Depending on the age of manufacture, some paper-backed flooring products used asbestos as a primary ingredient (see Asphalt & Vinyl Floor Tile History). Tests of our example floor sample (above) for asbestos confirmed that some early peel-and-stick floor tiles sold in the 1980's did contain asbestos.
Contemporary resilient flooring products do not contain asbestos however.
Shown at above left: Armstrong Excelon Vinyl Floor tile, contemporary, popular, sold in 70 colors at retail outlets including Home Depot stores, this modern resilient floor tile does not contain asbestos. [Click any image to see an enlarged, detailed version].
Reade Question: Asbestos in Armstrong's Vernay flooring products?
The building was built in 1984, however, I don't think these floor tiles were installed until after the house was constructed.
We found them glued to cabinet shelves also. Would these contain asbestos - they are very thin. - P.S. 1/6/2014
You'll be happy to know that in our article above on this page one can recognize the floor tile pattern in your photograph as Armstrong's Vernay line.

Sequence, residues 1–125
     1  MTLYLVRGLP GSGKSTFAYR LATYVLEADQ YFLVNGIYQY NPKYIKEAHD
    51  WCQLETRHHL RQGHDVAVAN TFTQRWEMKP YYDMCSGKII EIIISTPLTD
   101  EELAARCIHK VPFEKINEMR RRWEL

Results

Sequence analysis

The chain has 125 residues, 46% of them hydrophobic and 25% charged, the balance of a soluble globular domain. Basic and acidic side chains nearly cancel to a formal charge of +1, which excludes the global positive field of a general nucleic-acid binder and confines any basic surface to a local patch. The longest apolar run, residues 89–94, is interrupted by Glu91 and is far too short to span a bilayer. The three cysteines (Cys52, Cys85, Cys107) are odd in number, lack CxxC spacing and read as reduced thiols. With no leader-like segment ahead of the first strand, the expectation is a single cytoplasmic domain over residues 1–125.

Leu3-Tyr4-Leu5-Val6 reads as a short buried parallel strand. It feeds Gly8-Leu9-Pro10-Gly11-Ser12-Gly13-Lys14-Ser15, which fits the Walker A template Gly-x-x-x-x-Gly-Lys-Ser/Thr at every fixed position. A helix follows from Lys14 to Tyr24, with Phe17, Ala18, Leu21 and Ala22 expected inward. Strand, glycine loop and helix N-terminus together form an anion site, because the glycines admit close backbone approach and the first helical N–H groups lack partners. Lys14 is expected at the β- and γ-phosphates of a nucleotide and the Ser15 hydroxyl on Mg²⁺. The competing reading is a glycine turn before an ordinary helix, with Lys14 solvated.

In this article near the top of this page we report that Armstrong reports that the tile you show, in the Vernay pattern line, was introduced in 1980 and discontinued in 1982. According to the manufacturer, this product never contained asbestos.
It is worth noting that your photo and example, combined with your observation that the tile in your photograph was found in a building built in 1984 prove the point that "new old stock" floor tiles may be installed several years after the flooring product was actually manufactured.
(For other readers, I am doubtful that the thickness of floor tiles itself is a good criteria for opining that the material is asbestos free.)
A catalog of floor tile identification photographs for products that contained asbestos, 1952 - 1980, is provided below at Armstrong Vinyl-Asbestos Floor Tile Photo ID Catalog - 1952 - 1986.